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Lethbridge Herald Newspaper Archives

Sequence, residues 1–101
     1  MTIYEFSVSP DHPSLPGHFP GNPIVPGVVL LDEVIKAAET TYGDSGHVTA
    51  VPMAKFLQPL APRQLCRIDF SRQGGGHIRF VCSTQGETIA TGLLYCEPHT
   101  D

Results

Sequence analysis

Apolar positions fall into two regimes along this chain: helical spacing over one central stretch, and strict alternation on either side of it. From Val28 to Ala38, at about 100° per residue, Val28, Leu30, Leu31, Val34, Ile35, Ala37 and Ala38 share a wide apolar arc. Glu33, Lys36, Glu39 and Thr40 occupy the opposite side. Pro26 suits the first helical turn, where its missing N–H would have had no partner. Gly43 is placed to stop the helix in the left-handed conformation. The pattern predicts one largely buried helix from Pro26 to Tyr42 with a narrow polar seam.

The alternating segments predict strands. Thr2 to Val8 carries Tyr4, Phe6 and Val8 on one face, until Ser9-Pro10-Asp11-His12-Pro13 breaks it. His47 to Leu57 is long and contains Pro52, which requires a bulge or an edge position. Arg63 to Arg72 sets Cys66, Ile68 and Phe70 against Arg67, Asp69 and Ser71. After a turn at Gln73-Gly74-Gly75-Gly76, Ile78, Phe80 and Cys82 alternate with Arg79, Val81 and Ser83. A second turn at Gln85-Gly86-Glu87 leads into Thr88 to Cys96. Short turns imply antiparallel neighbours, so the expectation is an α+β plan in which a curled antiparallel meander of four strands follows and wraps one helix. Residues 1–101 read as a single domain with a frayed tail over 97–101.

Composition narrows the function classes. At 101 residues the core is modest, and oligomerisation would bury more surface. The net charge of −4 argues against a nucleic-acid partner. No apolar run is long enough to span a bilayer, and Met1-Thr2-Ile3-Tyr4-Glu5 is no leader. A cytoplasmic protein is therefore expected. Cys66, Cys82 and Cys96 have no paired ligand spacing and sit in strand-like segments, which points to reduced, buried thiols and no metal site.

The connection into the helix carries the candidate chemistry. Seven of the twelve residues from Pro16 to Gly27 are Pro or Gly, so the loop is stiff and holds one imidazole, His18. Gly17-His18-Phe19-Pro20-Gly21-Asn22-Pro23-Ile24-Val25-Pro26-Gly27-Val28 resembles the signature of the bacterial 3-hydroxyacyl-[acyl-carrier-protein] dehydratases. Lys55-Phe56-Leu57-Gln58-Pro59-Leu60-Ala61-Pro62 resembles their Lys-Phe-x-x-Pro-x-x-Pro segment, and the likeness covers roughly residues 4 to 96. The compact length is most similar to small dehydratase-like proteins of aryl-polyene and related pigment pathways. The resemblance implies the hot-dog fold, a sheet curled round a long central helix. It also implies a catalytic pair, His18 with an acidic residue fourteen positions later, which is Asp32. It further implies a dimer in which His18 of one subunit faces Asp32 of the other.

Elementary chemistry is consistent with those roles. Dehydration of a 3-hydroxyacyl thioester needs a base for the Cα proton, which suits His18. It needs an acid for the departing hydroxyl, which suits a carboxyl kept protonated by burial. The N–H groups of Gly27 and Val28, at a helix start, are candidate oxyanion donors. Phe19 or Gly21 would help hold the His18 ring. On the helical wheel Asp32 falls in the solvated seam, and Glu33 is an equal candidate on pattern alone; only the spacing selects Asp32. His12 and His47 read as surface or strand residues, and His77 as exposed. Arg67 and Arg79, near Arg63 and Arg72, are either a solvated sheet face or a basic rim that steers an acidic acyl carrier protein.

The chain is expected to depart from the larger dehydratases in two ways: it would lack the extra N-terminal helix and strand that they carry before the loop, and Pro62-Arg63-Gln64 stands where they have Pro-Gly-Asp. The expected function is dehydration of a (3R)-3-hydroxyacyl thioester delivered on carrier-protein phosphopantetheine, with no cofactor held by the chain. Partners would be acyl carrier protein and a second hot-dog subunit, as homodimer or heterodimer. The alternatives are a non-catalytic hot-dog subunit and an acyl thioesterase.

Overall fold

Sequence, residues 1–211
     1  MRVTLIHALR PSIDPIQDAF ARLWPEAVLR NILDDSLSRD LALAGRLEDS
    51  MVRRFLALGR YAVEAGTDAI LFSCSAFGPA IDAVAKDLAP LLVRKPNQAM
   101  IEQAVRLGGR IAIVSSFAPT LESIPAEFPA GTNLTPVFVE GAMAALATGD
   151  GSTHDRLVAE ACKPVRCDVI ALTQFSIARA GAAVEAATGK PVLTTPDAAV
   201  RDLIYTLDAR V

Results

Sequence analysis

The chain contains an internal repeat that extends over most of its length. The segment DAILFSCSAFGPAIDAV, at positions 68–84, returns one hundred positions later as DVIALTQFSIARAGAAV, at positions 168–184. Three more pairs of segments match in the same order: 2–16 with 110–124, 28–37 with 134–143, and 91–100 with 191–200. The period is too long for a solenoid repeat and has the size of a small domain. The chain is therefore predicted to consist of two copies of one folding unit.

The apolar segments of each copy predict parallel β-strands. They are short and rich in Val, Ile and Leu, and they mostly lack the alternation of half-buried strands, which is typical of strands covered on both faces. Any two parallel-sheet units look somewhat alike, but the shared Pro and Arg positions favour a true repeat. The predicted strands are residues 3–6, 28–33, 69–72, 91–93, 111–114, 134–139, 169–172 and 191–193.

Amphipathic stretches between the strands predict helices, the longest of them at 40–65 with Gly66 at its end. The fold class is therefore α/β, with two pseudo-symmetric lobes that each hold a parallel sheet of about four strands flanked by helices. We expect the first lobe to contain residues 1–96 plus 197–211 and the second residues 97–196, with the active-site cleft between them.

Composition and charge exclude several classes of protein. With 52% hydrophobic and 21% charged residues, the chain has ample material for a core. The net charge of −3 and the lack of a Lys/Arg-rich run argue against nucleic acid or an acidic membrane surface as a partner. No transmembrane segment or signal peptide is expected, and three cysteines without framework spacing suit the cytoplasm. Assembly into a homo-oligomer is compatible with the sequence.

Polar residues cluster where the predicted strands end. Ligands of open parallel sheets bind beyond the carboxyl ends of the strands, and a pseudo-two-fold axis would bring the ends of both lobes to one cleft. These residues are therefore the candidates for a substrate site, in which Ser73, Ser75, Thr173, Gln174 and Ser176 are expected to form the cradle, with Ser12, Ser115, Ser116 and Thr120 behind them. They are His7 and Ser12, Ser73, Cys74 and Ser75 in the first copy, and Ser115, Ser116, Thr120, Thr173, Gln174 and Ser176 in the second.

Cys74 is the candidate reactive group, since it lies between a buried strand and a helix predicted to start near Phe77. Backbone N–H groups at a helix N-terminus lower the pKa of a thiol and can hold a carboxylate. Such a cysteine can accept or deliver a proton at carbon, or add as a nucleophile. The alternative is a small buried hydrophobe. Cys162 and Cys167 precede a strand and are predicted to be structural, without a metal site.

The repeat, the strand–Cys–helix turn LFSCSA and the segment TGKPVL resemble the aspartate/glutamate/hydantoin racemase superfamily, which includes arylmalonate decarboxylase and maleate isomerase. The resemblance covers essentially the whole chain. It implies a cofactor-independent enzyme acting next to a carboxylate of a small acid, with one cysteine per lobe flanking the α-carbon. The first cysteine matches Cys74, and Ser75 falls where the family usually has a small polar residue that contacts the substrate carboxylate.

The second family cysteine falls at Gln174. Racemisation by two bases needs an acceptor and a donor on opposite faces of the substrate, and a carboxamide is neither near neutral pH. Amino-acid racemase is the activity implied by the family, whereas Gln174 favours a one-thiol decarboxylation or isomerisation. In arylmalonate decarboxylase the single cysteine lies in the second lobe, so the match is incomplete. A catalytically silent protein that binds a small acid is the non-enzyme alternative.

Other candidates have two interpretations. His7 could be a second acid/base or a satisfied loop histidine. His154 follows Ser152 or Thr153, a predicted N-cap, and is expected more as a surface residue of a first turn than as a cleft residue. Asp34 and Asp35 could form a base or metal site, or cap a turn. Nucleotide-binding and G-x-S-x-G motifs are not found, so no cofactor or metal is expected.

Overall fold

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Lethbridge Herald (Newspaper) - August 16, 1906, Lethbridge, Alberta � $1.50 BRINGS TO YOUR HOME FOR ONE YEAR. THE e - A BRIGHT. NEWSY AND CLEAN NEWSPAPER Subscribe for it now and keep in touch with the affairs of this growing districts No rtev. s-paper in Albertsl has rhet with the encouragement and the SMCoess that has favored the Herald in its six morith's career. The best medium in Southern Alberta to reach the people Toronto Globe Pictures a Bright Future For i^hbrldge and VMn^y. trcH of the industry, aitd at vac-h there is an output o( a tew hUTi.!n>il tons daily. The cnal n|>proachoH the j lignite formation as the out'^r nlfe of the depoHit is roachcil, hut it bt I! rotnains valuable /or'rjlany purposes. IteniindoiH of the Frank Jisa.SL�r v. A. AvIumI in . J hi'iv are now " We have a modern equipment of type il and machinery, as well as first-class work- ^ men, and we make the statement without fear of contradiction that the-Herald turns out i: as fine a class of jobs as any office in the : West. A trial will convince you that \ye have a right to talk this way. Try us for Letter Meiiiili^^ Bin Heads Posters >r$ Coll^g Cards Weeding lidt^itions Anything in fact vvhere type and ink are The Herald's Motto: "Nothing but the Toronlol OloI.e. about .'ievcii thousand Mormons in Alliert.i, und ihulr number is not iiicrcus v rap.ii ly at present, itayinomi is the centre, though I'nrd.ston i.s th.i oldest ol' I he towns. It is nniuud al'* ter Itnynioud Knight, .sonc ot' .Itsse Knight, the wealthy Alormou, who bought lands e.vtcnsively horu a Tuw jears ago for sheep rnnciimg u.itl beet culture. The presunt iiopulation oi� Itaymond is about l!,Ou, the gentleman in lations wl-th the Mormons, but had no hope of converting them to h more orthodox faith. Culture of .Sugar lie. ts. Through the Murnion country one .sees a considerable cultivation of beet-root, the development oi the enterprise of Mr, Knight, just now referred to. The sumo gontlciiiuu was founder-in-chief of the beet sug^ar factory at iiaymond, which lost year produced 4,600,000 pounds of sugar as against 800,000 pounds in tOOS, the (irst year of oporatioii. The enterprise seems to be a successful, v ne on the v'hole, but has to encounter powerful opposition from the Vancouver sugar relinary, can afford to cut its prices in jVlberta to meet those of the Raymond concern. Ilencc the Ita^'mond makers urge that the unreflaed sugar that the Vancouver concern gets from Fiji and llnishos should carry a larger duty and lie made a kss powerful competitor with the home-grown product. But this argument tloes not take into account the case of the consumer, lleet calture labors some what under the disadvantage of scar cily of labor, and the Indians from the neighboring Itlood reserves" aro being pressed into service. The stio-ply from 'this source, however, is fitful and irregular, anil the ditncul-ty will tend to pri;vont any large developmetit of the industry. time the crop is a profiiahle one. aiid the many .smnll beet farms of the Mormons brinn iheni handsome returns. The City of I.('thbridge. Jjcthbridgf itself (hsorvcs some attention. It is one of the niosl attractive little ciiies of the west. Thtjee years ago it hcgan to grow, after comparative si agnation for 'JO yours. lis |)'ni population is a-bout 4,000. half i>i' which has conu; in since 1S'02. With coal at itsdoors electricity is i-ho;ip, and there is a perfect illiiiiiiiial ion over.y night which greef.s the traveller chppri'ully as ho steps from (lie ivcstbound or ea.stboiind train nt l.!fO o'clock in the morning, for ii Is the lot oi I^lhbridge to tie a u>iital, the new Hank of�Wontreal, ihe'Union Hank, the two line pulilic schools ami the various churches are among other noteworthy bulUlings. The Chinook Club-a name delightfully original und characterici ic-is located in a building newly o|)cne(l, and is one of the prettiest i'liili houses between Winnipeg nml \ ancouvei;, and this means nnich, lor weslorn club life has greatly developed during the last few years, and at Kogina, Calgary-, Kdinontoii and Medicine Hat on the Plains and liossland and Nelson in the mountains the club forms nn agreeable ci'ntre for soc'nl intercourse, especially among the bachfr-loiH, who abound in these placoH, One finds in Iheni all the lest Canadian and Hritish piildications, iin>l sooner or later nil the leading spirits of the community. ^ As to the situation of l:icthl.ridi it is picdiresiiiie to the last degrso. The Belly Uivcr, winding its way with many a graceful curve froiiv the mountains to the lirond Saskatche -wan, becomes here a limpid slream of remarkable leanty. Its high banks rise two or three hundredi'eet above the water and are indented with a succession of roinantie, er sy 'r avines, locally known as coule s The bed of the river is a broad valley through which for centuries (he river has wamlered at will, ever cutting now channels and form'ncc new islands, and changing with the sea- sons, now a broad, deep flood that carries the snows of the mountains down to the sea, and agair> u coin -parativcly narrow, shallow streaui that may be wadicKi by a horse. The banks are fairly woof led too. Ai.d the trees give relief to the eye os well ns o. welcome shelter from Mi# ra.vs of the sun. There are charming rcaidrncen in . Lsth' rid^o, i Passing I'rank one evening e.s the .sun was setting over the mount i.ns and their giant forms were silhouetted against the brilliant sky,- one saw remiiulers of the terrific catas -trophe here of three years ago, wheri the crst,,of tli�! mountain lying be-!hind the little towii fell right � 'the beautiful valley, burying a hundred of the inhataitanlM and throw - debris a mile and a but none are more happily stuatsd ,. than those that overloolt the delight- ]'�� 'oil's and half up the slo|>c of the mountains 'opposite. Thi; dcbrfs remains, and one rides over the new it rack con- ful river sccno. The l^thbridge Coal Mines. furnished by the Tnterriational Wost mountain gave, or seemed to' em Miners' Union, whchortic red t,h j^.^.^ another lurch, and new volumes strike, ;^ The compony, when � '.e' ntiiies are in full operation, emplo l>et ween 600 and 700. men, and there is an output of ahout 1,200 tons daily for sale. The men now wov ing numl)er about 150, and -the output has been correspondingly reduced. There hav9 been some scenes of violence caiised ^y ;tl|e strikers seeking to prevent newcomers working and for a time the;local force of police had to be .strcn.vtJiened. '^ho strikers ore now conducting tinm-selves quietly ami o-waitinc :r.i of events. The. townspeopl.*, The Oalt mines, vhich were the original reason for the existence of IA>thbridgc, lie a mile or two � from the city. The deposits are presumably ft port ion of those that out -crop on the banks of all- the rivers of Alberta, and which are already being woriTed at numeroiis points, and are furnishing cheap fuel for the great and growing population. The liethHVidge mines ore the' ^nost o.\lensi\-c in the west, apart fro-ii hose of Dritiith Cdltimhia, Diit at the niomeiit thc.v arc under a cloud in the shape of labor trouble. The men went on strike in.March lust, making demandswhich the company considered unreasonable ond refused structed by the V. V. M. the old one having been coverwl thirty feet deep:-Over there" ft)o, in nature's vast tomb ar�> the two score or so of families that were obliterated ns the.v slept." A fellow passenger who was on the spot a few hours after the event, gave us a: vivid sketch of the scone. Men were stiir under the iuiprcs.ethhridgc on relief funds had come up from I>!thbridge, and he admits that when, as they looked at the awful .scene of dev I.of smoke, ut some good may come of thq incis have long since macU^ Canadians familiar With the naiiie of tne .-apital of Southern Alliorta. It is the land interest, however, that lias bei'ome paramount, and it is in this direct -ion that great developments pre j I looked (or, and are in fact even now \ \ under way. Populatioa closr ti|HHi 4,000 Mtf increanlng,daily. : Ika tMrd; UiigMt; town in AlberU. A coal Biiiiaff,: ranching and farming diatrict.Ia* cor|>orjUod as a city this year. > � CITY OVFICtALS.' Mayor-^.leo. ^ Itogcra. ? Sec.-Treas.-Chaa. BomBaa;-. City Solicitor-C. F. VoiaytKara/ IC, C. V City Auditor-Itobt. Sag^e. ; Chief of Fir* DepartiBMi^A. E.' Humphries. Medical Health OAlcer-tfOB. ,L. ,0. DeVel>cr. M.D, Chief ot Police-H. It. Parry. Con-stttbles Silliker and Jones. Aldermen-Wm. Oliver. V. ffv Dooloy. C. H. Harding. Dr. MvOlui'e, K._ Ailams, O. .W. KoMnson. HOARD OF KDVCA'TiaN. Chairman-.r. it. FlaatWOM. Secretary-C.B. BollfmtMl, Trust^K-^r. flalbratth, - O. Johnston, H; NiUMDoaa, V. -W; Dooley,' BOARD or "VBADB. President-C. F. P. OoaytMlwa. Vice-President-K. U. RykUMlai' Secretary-F. II. BarnM. M.xccutivc-Wm. Oliver, 0.""0.. M. N'ptirse, P. Sick. M. FrepaNm, ,WL Harford. M. Young. rJOVKRNMRNT OFFlCIALSr Dominion Lands-J, .W. ICaftin^ linnvicra'tipn.-Chan. Mair. tra�ell.*>^ ing inmigraition agent, A. B. Htiaiph- : rie.s. ciairc-takcr. immiRratioa hall. Registrar ot Vital Statistic*-C.-S/. itowman. Superintendent of lfount�d Polic�H> ^ .1. O. Wilson. ' Postmaster-J. D. 0igiaM�lMUa. ; Collector of Customa-J. Kaaair* ' Member of Alberta l.iCgislatttrar' C. Siinnum*. Membi>r of Bousa of Cotniabna-' Jno. Hei-ron. Pinober Creek; I CUUKCHI3S. " Anglican-^Iteir. J. 8. Ohivar*, r��^ :^ tor; Itev.DavM Jones. Roman Catfaoltc-Rev. Father Van I'ighem. Presbyterian-Rev. A. M. Oordia. M�itboaiNt-Rev. J. C:. Uvgtuu.i. Baptist.-Itov. Chaa. Padl3V. SalvaUctn Army-Capt. Flaw*. BAXKa. Montreal-R. F. 9u%; Bank ot Manager. Bank of Conuucrce-0. Nour;>e. Manager. L!niou Baok-O. U. McMicUag^ Ba-n.tger. RAILWAYS. occurr.-'il I The land here is stilt deiiati^'ile I country for the niosl ,�arl. a.� - tween the rancher and the t- or. The rancher and the cultivat-sion for a score of y>a-s j-the Chinook winds, which blow aw>4.v the light, fertile .soil, once it has lieen disturlied by the plow. The sod will never be restored, never in i ur Mr. Fessendeu, formerly of the Win- ! ^i,^ least, and without it U.e nipeg Telegram. Neither paper ^ich bunch grass that fattens il.e is strongly partisan, and each isj^auic will never return. Ths t is thoughtfully edited and keenly ne- that particularly giioves the raneii-voted to the interests of the city and for he sees land that he be- districts lieves to be for the fariiier, �'. Iieing broken up tor settlement and Industries of the City. I must over the other Indus -tries of the city. They consist of | ^1,,,, and the rancU.>r is an iron works, a brewery, a brickyard, a planing mill, a cigar fac -tory, a grain elevator and flour miU, a cement block factory and stock  yards. There are half a dozen ho -tels, but, there is still room /or a high-class. hostelry which would really worthy of so pleasant a There are three banks, six lawyers, four doctors, und one undertaker, and there are two newspapers- The Herald and the Xcvs, the formir a weekly eihbrjdge is oa Uta Crow'* IfWt line of the C. p. K.. and'is akaat-'ta* i become a divisional point. It f headquarters OI Uie A. K. 4t I. � 'way, running souiti to Ureat Fills, Montana. .i.'J. Hill'sncw tranfiSoa-tinental road is almoat sura*-�* ;iu-ike this point. itoad8�at The FiUiire of Ijethbridge. i\s to the future of Lethbridge. there are some among the citizens who paint it in the. most glowing terms, and declare that with its coal, its. canal, its surrounding soil north and .south, it is destined to a development beyond even Calgary, which has at present so far out stripped it, aitd will |)econie the secoiwl city of the plains. Others are moiV modest in their hopes, but there are none who do not conAdf^nt-ly look forward to the growth of lx>thbridgo into a populous and weallhy city, irrespective of the suo-ress of its Rist�$r communities, and to the prosperous development of the whole district of which it is the industrial and railway centre. ruinctl for his own purposes, ^lie admits that rain has fallen more pi >n-tifully of late years, but is inclined to predMt the return of a cycle of dry seasons that will imt the farmer d|J) piinoj joj oO'Si ''"id '^-�^'i out of tjiisiness. In fact', tlie situa -tion is very like that created by '.'.m settlement of the district south of Saskatoon. The logic of the seems to lie with the rancher, but Providence seeihs to be with the farmer, and settlement is still too new to.allow the rancher's argnm'-nts to lie wholl.v confuted by experience! r>iy Farming" at 1 jf-thliridj^e In the meantime, as we have .seen, here are two thousand acres of wheat on one farm at Lothbridge. The land on which the grain grows is too high for irrigation, and the cultivation of such territory has U-come locally known as 'diy farm ng' The "dry farmer' in tbis particular instance is Mr. luhn Silver, lorriisr-ly of t'tah. Mi! canu� here throe l:.iM>i>iilge> climate ia very -aaaeli like Colorado. We only haveiiMater for a day or so, and:iihe rcat aitfia time 'the sun .shines and 'the.air isv balmy. liaseljall waa played 1wi;e this .vear early in Jtuiuary. There' is no lini^r climate in all Canada.- COWI'.XIKXCCS. 1 Waterworks system, electric lifM;%' sewerage s.ystent. telejilwna. aylMjpi - IjCthbridge, Alta., July .lOf-As far as the eye couUhiee there was nothing but growing wheat, a vast two-thousand acre TieM of iti standing, between four and five feet high, head ing out l>eautifully and beginning, to .vcllow. After a scorching day we , ^^^^ and bought for,*8 an ac- wero driving in the delicious cool of ; ^^(^ of which a third ! the prairie evening in the vicinity of ,.^^, ,,,,p,^t jhi^ y,a,.. ji,.. Silver, it limy ti" added lives at Raymonil, which is, as nuiny Olole readers may ! iememl)er, one of the several little towns plontcd in that region ly the Mormon settlers; and John Silver is Ijethbridge, and not far from the famous irrigation ditch that hud made fruitful so large a territory in Ihi.s portion of the west. It is o'dd to see again how com- pletely the interest of the soil dom-|,^,^ jj,,,,,,^ inates men's minds as one gets bac- j on the plains. All down the eastern! n,i �-  . . � , , ' This IS real wheat. slope of the llockies the coal deposits are being worked und flourishing � %r _ ' . . attle towns have sprung -P. though I companion as^we veWed the there are no other collieries e . �h�at ^r. A. K. H.�n,.hr'es. im-lensive as those of the Crow's �r.t. '^�'>�l I^thl-rld^e, who Pass Coal Company. Frank. BlaC-- T,T.. rr'''"n more and Coleman ore different ccn-'*"'^ ^T' ! ihe found It five fe.t ihre Inches in height, the ear iine inches in length, with U6 kornals within it. Some, larid agents from Minnesota who were at the hotel bqtged the' sample as a demonstration to their . countrymen of what the Caniada tmAit can do. The wheat should go thirt.v bu.shels to the acre _at least, and what that wotild mean for the wliole,' '2,000 acres the reader can eaally figure out for hiii!S3lf. Another aet-' tier near Mr. Silver is an American, who bought 2,000 acres two years ago and has 600 acres in wheat this .year. The settlers.^it will he leen; are top new to prove the permanency? of fitMiUty in the aoil, but the two^ ( naihed are by no meani^ �'o'^. deVnonstrating ness. its present ffultWl- Mormon Xot a Buatler. And yet thereia another side of it. Some years ago when the Mormoa ; settlers wore coming / into the country, taking up land between Lethbridge andthe' boundary and planting i the communities of Cardston, Bav-mond, Magrath and Stirling, hifh hopes were entertained ol what thr> result would be. But the Mormon has demonstrated little, after �ll.\ with rttgard to (he soil. His wheat', crops freqiiently fall' an Iota aa atC^A and seven bushels to^^ the acre. Continued uu page 4 �: A: ;